Like every third person on the planet, I too picked up “The Fault in Our Stars” by John Green and gave it a go. It’s a charming story, one of the few that’s gripped me enough to go through it end to end in a matter of days. I recommended it to most people I crossed on the street, a few on the bus, and to an unfortunate bunch at an assortment of urinals.
It’s touching and heart-breaking, and it’s safe to say that a 16 (or 26) year old would rather have the book hurled at them at full force because it would cause them less anguish than the story itself.
Let me quickly summarize it for you. Hazel is a terminally ill cancer patient who falls in love with the focus of this post (Augustus Waters) who is also a terminally ill cancer patient.
THE HORROR OF IT ALL.
Fairly predictably, they both die (clue: terminally ill), but not before embarking on a journey riddled with love so profound that even Romeo and Juliet would have obliged with a standing ovation, waving handkerchiefs et al.
So here’s the thing, Augustus Waters is perfect. Isn’t he, girls? My Facebook feed over the past month has been riddled with scores of girls (albeit, all in the 15-25 age group) swooning over the character of Augustus Waters, and cursing John Green for creating a man so perfect.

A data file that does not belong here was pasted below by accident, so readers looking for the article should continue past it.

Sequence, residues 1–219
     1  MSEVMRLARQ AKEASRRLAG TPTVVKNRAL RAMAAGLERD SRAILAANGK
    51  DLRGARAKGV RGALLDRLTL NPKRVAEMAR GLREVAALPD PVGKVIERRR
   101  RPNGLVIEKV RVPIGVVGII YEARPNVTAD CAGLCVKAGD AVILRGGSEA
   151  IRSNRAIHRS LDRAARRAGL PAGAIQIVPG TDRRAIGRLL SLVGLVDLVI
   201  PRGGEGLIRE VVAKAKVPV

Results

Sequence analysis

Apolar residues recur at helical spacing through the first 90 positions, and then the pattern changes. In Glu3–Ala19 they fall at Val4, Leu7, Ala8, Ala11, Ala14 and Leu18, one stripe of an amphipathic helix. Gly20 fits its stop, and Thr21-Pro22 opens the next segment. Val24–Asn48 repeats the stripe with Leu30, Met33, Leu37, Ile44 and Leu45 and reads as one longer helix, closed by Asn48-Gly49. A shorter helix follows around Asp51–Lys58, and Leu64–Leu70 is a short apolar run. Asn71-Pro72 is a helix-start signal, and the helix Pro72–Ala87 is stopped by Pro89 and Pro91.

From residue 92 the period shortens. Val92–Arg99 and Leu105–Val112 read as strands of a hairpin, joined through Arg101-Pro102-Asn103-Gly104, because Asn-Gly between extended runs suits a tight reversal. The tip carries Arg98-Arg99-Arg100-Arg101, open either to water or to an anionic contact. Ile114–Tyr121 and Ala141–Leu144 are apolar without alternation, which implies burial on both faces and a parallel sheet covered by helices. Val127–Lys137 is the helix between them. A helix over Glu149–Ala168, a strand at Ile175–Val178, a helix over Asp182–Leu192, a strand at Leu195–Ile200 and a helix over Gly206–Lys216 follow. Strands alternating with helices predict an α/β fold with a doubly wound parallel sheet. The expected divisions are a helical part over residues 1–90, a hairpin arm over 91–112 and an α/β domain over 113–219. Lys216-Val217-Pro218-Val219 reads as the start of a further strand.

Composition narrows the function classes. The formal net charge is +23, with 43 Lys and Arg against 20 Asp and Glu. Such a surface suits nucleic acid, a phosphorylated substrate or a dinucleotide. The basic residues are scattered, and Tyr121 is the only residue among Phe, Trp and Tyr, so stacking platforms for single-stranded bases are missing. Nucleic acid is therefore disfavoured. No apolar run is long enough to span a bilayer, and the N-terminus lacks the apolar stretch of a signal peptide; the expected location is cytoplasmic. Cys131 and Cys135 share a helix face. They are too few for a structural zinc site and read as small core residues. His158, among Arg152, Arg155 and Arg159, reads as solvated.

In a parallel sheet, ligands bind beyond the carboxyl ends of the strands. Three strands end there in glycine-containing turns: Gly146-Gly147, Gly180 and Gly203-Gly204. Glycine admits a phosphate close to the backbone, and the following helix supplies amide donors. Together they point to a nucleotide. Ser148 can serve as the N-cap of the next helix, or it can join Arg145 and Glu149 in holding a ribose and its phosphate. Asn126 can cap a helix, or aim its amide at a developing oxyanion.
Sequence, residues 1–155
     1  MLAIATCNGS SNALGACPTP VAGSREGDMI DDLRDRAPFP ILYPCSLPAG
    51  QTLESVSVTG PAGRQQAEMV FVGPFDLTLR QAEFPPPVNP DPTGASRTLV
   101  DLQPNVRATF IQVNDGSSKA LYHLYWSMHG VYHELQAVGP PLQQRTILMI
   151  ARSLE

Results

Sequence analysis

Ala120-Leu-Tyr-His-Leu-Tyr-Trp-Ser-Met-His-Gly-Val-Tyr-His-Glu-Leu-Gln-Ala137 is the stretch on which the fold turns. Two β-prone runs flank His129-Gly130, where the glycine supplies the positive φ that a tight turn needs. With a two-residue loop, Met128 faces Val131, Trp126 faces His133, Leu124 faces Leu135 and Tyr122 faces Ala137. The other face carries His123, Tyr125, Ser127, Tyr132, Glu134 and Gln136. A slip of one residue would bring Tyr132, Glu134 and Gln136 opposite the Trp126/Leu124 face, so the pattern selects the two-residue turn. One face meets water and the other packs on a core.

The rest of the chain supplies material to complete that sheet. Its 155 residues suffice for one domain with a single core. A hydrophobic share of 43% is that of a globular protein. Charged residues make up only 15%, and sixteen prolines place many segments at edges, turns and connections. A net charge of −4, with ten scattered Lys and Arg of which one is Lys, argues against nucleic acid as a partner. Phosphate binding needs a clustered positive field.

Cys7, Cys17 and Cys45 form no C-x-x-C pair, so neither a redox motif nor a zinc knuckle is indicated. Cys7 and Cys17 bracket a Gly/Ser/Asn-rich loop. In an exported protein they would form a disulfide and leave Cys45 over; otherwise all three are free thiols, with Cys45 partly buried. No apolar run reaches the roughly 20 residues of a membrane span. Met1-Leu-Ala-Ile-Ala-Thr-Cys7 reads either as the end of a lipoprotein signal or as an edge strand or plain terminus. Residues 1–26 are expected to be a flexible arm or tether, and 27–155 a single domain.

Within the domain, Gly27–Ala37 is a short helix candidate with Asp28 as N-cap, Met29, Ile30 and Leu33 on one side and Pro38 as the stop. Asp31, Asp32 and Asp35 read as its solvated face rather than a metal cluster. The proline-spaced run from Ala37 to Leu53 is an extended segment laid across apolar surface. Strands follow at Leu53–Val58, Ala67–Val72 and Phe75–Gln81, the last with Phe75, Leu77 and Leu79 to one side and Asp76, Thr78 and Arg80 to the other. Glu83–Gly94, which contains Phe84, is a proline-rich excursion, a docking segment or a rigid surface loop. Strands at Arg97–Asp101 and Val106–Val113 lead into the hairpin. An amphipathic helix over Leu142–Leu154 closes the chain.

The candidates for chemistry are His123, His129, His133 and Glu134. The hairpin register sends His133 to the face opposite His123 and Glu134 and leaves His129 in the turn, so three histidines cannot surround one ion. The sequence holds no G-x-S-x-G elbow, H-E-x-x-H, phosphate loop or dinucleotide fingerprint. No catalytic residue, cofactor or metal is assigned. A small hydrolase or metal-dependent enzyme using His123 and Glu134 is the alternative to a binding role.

Except of course for the fact, that John Green did nothing of the sort.
Augustus Waters is a world-class douchebag, which is why the girls love him.
Gus Waters hates taking no for an answer, is pushy, latches on to the girl he likes, is riddled with metaphors, and often quotes (incorrectly) a number of philosophers. A conversation with Gus Waters involves him throwing the corniest of one-liners or the latest Facebook status messages at you, which may or may not have anything to do with the conversation at hand.
Of course, Hazel does feel like she’s having the deepest conversation of her life each time she speaks to Gus because no matter what she says, a brooding, “Life is all about the choices you make Hazel Grace, it defines your path”, would be a line suitable to be infused into any sort of verbal exchange, wouldn’t it?
While he gets Hazel to blurt out everything about her life and share her deepest secrets, he reveals nothing of his own life to Hazel, because – if he doesn’t keep up that whole mysterious aura, what’s the point in this entire James Dean charade, right?
On closer inspection of Gus Waters, it’s revealed that the literature he has at hand are almost primarily centered around his favorite video games, yet his insistence on quoting Plato and Aristotle at the drop of a hat could be downright puzzling, but it fits into Gus Waters’ personality perfectly when you think about it. He fakes most of who he portrays himself to be.
Yes, Gus has a positive side to him, we all do. He truly cares about Hazel, he goes to exceptional lengths to make Hazel’s lifelong dream come true even though it’s been shattered once after a Herculean attempt from both parties involved.
Yet all said and done, Augustus Waters is far from the perfect man, and the fact that he is idolized by so many only drives home one simple fact: we love illusions.
And that’s exactly what Augustus Waters is – an illusion.